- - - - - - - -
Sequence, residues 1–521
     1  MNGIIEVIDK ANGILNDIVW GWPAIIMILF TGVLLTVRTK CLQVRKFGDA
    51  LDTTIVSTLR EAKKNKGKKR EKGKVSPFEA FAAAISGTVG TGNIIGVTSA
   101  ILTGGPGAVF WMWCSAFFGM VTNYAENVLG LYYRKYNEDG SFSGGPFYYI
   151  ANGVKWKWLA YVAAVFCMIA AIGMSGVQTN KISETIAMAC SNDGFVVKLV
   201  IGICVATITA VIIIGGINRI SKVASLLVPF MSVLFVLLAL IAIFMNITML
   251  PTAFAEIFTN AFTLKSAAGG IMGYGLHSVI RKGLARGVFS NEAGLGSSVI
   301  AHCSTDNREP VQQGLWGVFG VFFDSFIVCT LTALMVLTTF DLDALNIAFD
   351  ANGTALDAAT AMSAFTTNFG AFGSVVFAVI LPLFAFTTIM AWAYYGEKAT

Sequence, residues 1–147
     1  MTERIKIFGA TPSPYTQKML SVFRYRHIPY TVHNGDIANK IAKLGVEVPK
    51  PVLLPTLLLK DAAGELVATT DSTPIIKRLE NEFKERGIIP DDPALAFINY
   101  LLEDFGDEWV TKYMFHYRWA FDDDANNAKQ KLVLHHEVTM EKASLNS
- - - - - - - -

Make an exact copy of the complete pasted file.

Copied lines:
Sequence, residues 1–521
     1  MNGIIEVIDK ANGILNDIVW GWPAIIMILF TGVLLTVRTK CLQVRKFGDA
    51  LDTTIVSTLR EAKKNKGKKR EKGKVSPFEA FAAAISGTVG TGNIIGVTSA
   101  ILTGGPGAVF WMWCSAFFGM VTNYAENVLG LYYRKYNEDG SFSGGPFYYI
   151  ANGVKWKWLA YVAAVFCMIA AIGMSGVQTN KISETIAMAC SNDGFVVKLV
   201  IGICVATITA VIIIGGINRI SKVASLLVPF MSVLFVLLAL IAIFMNITML
   251  PTAFAEIFTN AFTLKSAAGG IMGYGLHSVI RKGLARGVFS NEAGLGSSVI
   301  AHCSTDNREP VQQGLWGVFG VFFDSFIVCT LTALMVLTTF DLDALNIAFD
   351  ANGTALDAAT AMSAFTTNFG AFGSVVFAVI LPLFAFTTIM AWAYYGEKAT

Sequence, residues 1–147
     1  MTERIKIFGA TPSPYTQKML SVFRYRHIPY TVHNGDIANK IAKLGVEVPK
    51  PVLLPTLLLK DAAGELVATT DSTPIIKRLE NEFKERGIIP DDPALAFINY
   101  LLEDFGDEWV TKYMFHYRWA FDDDANNAKQ KLVLHHEVTM EKASLNS